I took only sporadic notes during the presentations at the CIME workshop I attended last week, assuming that the speakers would post their slides at some point.  (This may have been rash; videos from the previous workshops in the series can be found here, but there don’t seem to be any lecture notes.)  Here are some quotes I wrote down; apologies to the speakers for any transcription errors.

  • Alan Schoenfeld:  “Formative assessment is not summative assessment given frequently.”
  • Deborah Ball:  “We don’t have names for how we ask questions.  What does ‘good question’ mean?”
  • Kristin Umland:  “We make inferences about what students know.” (If I recall correctly, this was a response to an audience member who suggested that tests show us exactly what students know.)
  • Ann Shannon quoted one student talking to another about a shared task:  “We don’t have to do any math!  We can just think about it!”  Ann went on, “they think math is just about remembering how to do things.”
  • Phil Darrow (one of the three lead CCSSM writers):  “Sleeping problems have been awakened by Common Core.  Why are people saying CC is so much harder?  We’ve been hiding the math that teachers didn’t know.”
  • Sara Rezvi (a high school teacher and Math for America fellow):  “I have, on average, 33 kids in class for 55 minutes.  We teachers on the front lines need support.  [The improvement we want is] not going to happen unless there’s a fundamental shift in support for teachers.”

I see that I’m about to lose all battery power; no outlet nearby at this lovely Berkeley coffee shop.  Incisive commentary on the above to follow…or not.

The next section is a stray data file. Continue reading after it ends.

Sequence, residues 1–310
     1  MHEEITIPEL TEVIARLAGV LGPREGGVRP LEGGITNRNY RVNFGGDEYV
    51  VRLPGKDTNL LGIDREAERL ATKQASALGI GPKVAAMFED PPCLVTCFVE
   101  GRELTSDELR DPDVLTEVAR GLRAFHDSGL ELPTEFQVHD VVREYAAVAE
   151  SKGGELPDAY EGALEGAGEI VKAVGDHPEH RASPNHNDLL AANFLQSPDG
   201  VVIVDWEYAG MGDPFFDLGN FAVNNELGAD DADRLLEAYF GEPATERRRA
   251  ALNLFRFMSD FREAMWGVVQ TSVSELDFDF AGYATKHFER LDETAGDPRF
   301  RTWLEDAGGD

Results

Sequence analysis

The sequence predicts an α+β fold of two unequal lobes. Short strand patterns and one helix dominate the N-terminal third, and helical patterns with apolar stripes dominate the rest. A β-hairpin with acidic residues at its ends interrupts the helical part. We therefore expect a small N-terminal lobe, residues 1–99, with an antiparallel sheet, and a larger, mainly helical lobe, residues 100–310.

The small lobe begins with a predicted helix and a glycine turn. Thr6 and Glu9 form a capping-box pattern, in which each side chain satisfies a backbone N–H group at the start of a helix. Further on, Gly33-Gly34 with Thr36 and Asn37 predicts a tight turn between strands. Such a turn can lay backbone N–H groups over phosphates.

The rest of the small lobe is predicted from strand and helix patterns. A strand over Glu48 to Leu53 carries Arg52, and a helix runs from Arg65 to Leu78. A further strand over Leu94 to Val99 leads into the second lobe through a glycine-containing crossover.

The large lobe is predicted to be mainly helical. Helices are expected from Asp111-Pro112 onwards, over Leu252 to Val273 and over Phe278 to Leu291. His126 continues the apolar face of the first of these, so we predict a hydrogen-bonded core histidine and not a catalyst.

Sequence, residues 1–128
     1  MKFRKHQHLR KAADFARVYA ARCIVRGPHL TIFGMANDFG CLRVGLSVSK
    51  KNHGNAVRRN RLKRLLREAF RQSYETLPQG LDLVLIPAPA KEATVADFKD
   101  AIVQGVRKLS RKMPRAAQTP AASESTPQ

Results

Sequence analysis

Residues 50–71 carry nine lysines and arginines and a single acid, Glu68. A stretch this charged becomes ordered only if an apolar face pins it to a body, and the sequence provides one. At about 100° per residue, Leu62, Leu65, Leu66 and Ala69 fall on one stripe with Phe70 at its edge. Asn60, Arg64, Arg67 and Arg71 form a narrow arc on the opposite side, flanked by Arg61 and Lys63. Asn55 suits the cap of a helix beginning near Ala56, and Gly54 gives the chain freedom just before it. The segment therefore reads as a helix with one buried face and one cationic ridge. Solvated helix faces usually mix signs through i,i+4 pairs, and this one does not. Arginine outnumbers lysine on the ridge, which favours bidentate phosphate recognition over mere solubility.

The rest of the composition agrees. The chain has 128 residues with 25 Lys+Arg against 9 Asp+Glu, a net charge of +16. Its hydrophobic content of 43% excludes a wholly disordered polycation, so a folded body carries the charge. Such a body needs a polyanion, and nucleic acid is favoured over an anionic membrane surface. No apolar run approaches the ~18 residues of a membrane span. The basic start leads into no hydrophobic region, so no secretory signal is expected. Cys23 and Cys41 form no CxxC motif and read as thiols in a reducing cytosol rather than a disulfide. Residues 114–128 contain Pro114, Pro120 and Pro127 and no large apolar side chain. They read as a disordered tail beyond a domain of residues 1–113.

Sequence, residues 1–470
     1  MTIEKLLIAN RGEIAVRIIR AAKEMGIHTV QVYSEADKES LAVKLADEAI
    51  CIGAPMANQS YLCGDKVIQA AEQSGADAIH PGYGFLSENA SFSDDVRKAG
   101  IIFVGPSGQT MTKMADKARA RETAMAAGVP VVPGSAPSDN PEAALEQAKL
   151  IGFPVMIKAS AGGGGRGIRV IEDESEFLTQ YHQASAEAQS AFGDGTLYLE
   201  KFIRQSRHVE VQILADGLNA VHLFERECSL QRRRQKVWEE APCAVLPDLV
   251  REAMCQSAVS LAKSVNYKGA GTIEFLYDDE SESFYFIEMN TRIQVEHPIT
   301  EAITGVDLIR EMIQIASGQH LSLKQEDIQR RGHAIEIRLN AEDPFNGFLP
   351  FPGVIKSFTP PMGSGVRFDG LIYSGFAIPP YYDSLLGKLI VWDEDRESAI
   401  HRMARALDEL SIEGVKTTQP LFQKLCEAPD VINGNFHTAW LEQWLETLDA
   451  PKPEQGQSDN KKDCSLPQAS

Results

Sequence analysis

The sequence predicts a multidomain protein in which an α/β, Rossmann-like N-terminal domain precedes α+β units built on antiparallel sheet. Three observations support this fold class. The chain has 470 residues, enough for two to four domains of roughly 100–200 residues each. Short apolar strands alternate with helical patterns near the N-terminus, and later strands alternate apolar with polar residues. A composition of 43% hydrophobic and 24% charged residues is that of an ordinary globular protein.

About Priscilla Bremser

Professor of Mathematics Middlebury College
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3 Responses to Snippets

  1. Rob Root says:

    Love these quotes. I have to say, I have a pretty good answer to Deborah Ball’s question: a good question is one that shows that the questioner has been thinking. Questions that indicate a lack of attention to what has just been said are usually not good. Questions the show that the questioner sees that what was just said has implications are generally very good. My favorite way to teach is in a classroom where the presentation is largely driven by questions. The development of the material doesn’t always go the way I planned for, but this is a small price to pay for students who are anticipating the implications of what they are seeing.

    Anyone reading my comments here will know that I heartily agree with Phil Darrow’s remark. In my mind, the VMI is just the kind of culture-shifting institution that is desperately needed to alter teacher’s perspective on what it is to teach mathematics, and why it is so important. Ann Shannon’s comment simply reinforces this view. The students view math mechanically because they are taught it that way.

    The simple arithmetic of Sara Revzi’s comment is chilling. Teaching math is labor intensive, especially at the elementary level. I suspect that we would need far fewer college-level faculty and they could teach their subjects far more effectively if students arrived at college with a clearer idea of what mathematics is and where its value derives from. Getting to this state would require an enormous investment in the teaching of elementary mathematics. Not just clarifying for teachers what it means to teach mathematics, but–yes–probably more teachers. Many countries accomplish this by having mathematics taught by specialists even in the early elementary grades. It is critically important that teachers like Revzi not just have assistants who can begin to offer students something like personal attention, but that those assistants have a crystal clear idea of what needs to be taught, and that they be exemplary role models. Much has been made of higher education’s affliction with Baumol’s cost disease. I suspect that elementary education has an even worse case.